‘There Are More People in Our Churches Now Than Before’

Trans-European Division

‘There Are More People in Our Churches Now Than Before’

The Ukrainian church is busy blessing members and community alike

Norway | Widar Ursett with tedNEWS

Since late February, the tragic attack on Ukraine has seen 3.8 million refugees leave the country and displaced another 6.5 million internally. According to official reports, this is the largest refugee crisis on European soil since World War II.

With tanks and artillery destroying homes, civilians, infrastructure, and pretty much everything, you would be excused for thinking churches would shut up, shut down, and pray. Indeed, believers are praying across the globe. However, the Seventh-day Adventist Church in Ukraine is neither ready to remain silent nor inclined to idleness.

Stanislav Nosov, Ukrainian Union Conference (UUC) president, has noticed the crisis brings some unsuspected opportunities. In an email exchange with leaders from the Norwegian Union Conference, Nosov highlighted that despite the unspeakable suffering, the church has become a blessing to many.

The War and Church Members

Maksym Krupskyi, director of Hope Media Group and the Public Affairs and Religious Liberty Department at UUC, highlighted the impact of the war. “I do not know the exact figures, but I assume that more than 30% of our church members are displaced or refugees.” With a total membership of 43,307, this means about 13,000 Ukrainian Adventists are losing their homes or being forced to abandon them.

At the moment, it is impossible to be certain about the number of casualties among church members, bBut we know of two sisters from Mariupol who came out of their basement to look for water and tragically died in a bombing,” church leaders reported.

“People living in areas with no hostilities are managing very well,” said Nosov. However, the situation in occupied areas is quite different. “Church members are running out of food, water, and access to heating. It’s a humanitarian crisis.”

Some church buildings have been destroyed. However, buildings that are undamaged are used as shelters for the homeless. Of the 40 school buildings belonging to the church in Ukraine, all are now closed with classes being offered online. The Ukrainian Adventist Center of Higher Education (UACHE) has sustained minimal damage and is now closed. Students and staff have been evacuated. “The area is occupied, and active fighting is taking place. We do not have any information about the current situation on campus,” Krupskyi reported.

“We do not know what will happen next. Everything is in God’s hands. But we do know that His hands have blessed us and given us grounds for hope,” Nosov said.

Baptism in the Adventist Church in Lviv, Ukraine on March 19, 2022, during the war. [Photo: Ukrainian Union Conference / Adventist Media Exchange (CC BY 4.00]
Baptism in the Adventist Church in Lviv, Ukraine on March 19, 2022, during the war. [Photo: Ukrainian Union Conference / Adventist Media Exchange (CC BY 4.00]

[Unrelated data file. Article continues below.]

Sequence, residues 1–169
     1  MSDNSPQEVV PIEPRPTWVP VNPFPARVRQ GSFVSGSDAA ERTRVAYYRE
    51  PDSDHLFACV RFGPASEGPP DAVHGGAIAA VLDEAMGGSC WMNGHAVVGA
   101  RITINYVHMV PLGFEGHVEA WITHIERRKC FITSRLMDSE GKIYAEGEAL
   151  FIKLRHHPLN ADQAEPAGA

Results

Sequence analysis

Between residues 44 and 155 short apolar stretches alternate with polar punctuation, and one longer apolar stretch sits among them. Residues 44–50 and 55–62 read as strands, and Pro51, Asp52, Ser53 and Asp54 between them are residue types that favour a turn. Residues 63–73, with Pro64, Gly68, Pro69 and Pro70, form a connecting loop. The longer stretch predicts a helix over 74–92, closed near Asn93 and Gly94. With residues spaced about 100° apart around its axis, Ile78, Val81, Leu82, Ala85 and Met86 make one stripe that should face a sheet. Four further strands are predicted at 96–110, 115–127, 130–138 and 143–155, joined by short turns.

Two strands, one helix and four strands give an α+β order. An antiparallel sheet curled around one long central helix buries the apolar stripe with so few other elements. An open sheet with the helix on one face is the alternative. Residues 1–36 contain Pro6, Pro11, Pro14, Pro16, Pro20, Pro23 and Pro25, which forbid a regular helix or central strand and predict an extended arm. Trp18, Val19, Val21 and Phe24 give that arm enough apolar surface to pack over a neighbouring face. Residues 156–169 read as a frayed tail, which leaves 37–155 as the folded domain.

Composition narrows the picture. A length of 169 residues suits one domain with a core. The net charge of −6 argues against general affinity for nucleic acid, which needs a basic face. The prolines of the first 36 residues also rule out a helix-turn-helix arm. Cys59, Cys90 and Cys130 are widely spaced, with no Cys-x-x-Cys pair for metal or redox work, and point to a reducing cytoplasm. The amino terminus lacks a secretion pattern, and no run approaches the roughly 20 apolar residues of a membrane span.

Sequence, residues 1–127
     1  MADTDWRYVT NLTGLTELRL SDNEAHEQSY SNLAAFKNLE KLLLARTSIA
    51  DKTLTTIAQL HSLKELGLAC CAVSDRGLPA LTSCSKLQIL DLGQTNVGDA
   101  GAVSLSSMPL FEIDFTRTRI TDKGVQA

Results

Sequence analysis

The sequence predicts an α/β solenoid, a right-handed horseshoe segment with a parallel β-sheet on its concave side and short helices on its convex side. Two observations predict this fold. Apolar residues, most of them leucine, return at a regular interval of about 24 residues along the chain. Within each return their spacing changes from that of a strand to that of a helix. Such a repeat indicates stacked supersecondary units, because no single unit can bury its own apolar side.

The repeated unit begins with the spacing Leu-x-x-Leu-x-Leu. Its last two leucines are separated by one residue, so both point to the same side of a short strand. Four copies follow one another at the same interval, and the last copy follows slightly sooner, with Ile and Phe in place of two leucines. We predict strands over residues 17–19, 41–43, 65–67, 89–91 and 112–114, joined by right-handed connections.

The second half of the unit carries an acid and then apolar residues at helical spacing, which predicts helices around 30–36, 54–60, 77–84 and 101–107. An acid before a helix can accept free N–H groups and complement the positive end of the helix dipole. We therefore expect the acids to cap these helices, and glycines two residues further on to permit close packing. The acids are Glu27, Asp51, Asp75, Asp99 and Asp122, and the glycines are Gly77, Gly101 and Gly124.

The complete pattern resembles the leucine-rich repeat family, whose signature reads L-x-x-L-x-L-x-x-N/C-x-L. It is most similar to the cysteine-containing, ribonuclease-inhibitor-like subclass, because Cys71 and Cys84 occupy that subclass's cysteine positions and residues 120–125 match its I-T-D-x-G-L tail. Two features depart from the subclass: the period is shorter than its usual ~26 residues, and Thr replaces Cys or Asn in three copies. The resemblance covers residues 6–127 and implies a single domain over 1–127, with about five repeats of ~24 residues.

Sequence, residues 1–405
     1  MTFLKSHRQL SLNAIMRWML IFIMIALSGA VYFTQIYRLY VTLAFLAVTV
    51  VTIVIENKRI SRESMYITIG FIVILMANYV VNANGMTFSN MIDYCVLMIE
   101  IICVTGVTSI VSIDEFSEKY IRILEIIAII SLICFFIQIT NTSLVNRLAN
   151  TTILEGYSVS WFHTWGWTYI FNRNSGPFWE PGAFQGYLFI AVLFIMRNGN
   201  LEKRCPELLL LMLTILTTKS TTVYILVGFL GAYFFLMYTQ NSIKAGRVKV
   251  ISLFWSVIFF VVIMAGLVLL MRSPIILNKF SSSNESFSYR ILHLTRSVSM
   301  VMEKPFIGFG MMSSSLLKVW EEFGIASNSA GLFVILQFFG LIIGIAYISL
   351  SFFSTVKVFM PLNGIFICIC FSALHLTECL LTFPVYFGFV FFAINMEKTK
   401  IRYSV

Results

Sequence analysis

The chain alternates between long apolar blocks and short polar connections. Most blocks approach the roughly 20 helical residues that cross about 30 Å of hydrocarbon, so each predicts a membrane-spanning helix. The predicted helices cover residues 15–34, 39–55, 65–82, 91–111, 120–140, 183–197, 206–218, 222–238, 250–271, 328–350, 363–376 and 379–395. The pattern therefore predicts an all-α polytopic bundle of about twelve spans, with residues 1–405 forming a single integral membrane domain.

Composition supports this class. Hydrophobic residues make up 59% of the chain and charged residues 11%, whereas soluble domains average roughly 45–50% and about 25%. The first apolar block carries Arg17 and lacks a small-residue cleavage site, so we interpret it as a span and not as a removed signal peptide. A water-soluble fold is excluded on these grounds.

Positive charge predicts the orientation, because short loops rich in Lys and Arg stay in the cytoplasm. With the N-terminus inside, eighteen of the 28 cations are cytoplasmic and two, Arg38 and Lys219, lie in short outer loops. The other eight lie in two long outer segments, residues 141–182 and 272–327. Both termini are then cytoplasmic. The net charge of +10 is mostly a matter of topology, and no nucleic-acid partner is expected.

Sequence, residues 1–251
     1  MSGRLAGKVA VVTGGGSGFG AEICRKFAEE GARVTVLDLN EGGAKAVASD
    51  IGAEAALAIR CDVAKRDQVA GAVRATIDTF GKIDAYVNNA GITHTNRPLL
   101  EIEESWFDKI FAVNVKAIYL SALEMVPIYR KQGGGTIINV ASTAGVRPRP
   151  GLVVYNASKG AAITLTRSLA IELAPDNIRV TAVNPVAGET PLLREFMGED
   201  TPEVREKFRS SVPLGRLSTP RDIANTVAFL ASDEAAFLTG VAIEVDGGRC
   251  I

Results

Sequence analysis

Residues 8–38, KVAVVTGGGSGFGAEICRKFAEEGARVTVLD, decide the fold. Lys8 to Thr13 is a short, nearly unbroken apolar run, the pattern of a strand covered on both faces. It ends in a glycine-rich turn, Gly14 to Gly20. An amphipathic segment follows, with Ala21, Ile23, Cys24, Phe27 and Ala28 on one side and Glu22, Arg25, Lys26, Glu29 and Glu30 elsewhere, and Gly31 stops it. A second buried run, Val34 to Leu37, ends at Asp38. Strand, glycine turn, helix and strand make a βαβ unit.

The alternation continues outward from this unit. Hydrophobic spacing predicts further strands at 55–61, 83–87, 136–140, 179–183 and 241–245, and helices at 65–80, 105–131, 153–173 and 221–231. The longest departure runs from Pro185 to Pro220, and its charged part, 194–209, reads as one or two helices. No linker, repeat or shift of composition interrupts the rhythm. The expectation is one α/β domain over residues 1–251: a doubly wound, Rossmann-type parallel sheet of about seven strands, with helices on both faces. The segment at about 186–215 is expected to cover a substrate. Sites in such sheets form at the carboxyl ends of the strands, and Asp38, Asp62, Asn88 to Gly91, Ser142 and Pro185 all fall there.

Serving the Community

During this crisis, the church is busy blessing members and the community alike. “Pastors and leaders are helping to evacuate people from areas of fighting,” Nosov reported. “They provide shelter, medicines, food, information, and prayer support.”

Krupskyi described their new service routine. “Our partners and friends bring aid to the western regions [of the country]. From there, pastors bring aid in small convoys of cars into areas of active fighting, as well as evacuating people from those areas on the return trip.”

Additionally, through the partnership between Hope Channel Ukraine and the Adventist Development and Relief Agency (ADRA) office in Romania, internally displaced people are receiving a supply of hygiene products, food, water, clothing, and medicines.

Through it all, the courage and resilience of church members are remarkable. “One of our pastors, Mychaylo Prodanyk, is from Chernihiv, an area north of Kyiv that sees active fighting. He was saved by God when a bomb hit the church where he was with his family. After the bombing, he came back, facing great risks, to help others,” Krupskyi shared.

Hope Amidst the Blasts

Baptism in the Adventist Church in Lviv, Ukraine on March 19, 2022, during the war. [Photo: Ukrainian Union Conference / Adventist Media Exchange (CC BY 4.00]
Baptism in the Adventist Church in Lviv, Ukraine on March 19, 2022, during the war. [Photo: Ukrainian Union Conference / Adventist Media Exchange (CC BY 4.00]

“In the darkness of death and destruction, people are seeking God,” Nosov exclaimed. “They are not asking why God would allow this war but seeking to connect with Him.” Surprisingly, church attendance is on the rise. “There are more people in our churches now than before. The churches that have not been damaged or destroyed are operating as normal, providing Sabbath School and church services to a growing congregation.”

“Hope Channel Ukraine goes live every Monday to Friday at 11:00 and 18:00, on Saturday at 11:00, and on Sunday at 18:00, pushing forward in spite of challenges,” said Krupskyi. Because of the evacuation, the team only runs two TV studios, but they are still operating, as is Adventist Radio, welcoming the ever-growing prayer requests from the nation. “The church has held eight baptisms and baptised over 30 people from the beginning of the war,” said Nosov, thanking God for His mercies amidst the tragedy.

https://www.adventist.no/nyheter/bombene-begrenser-ikke-gud/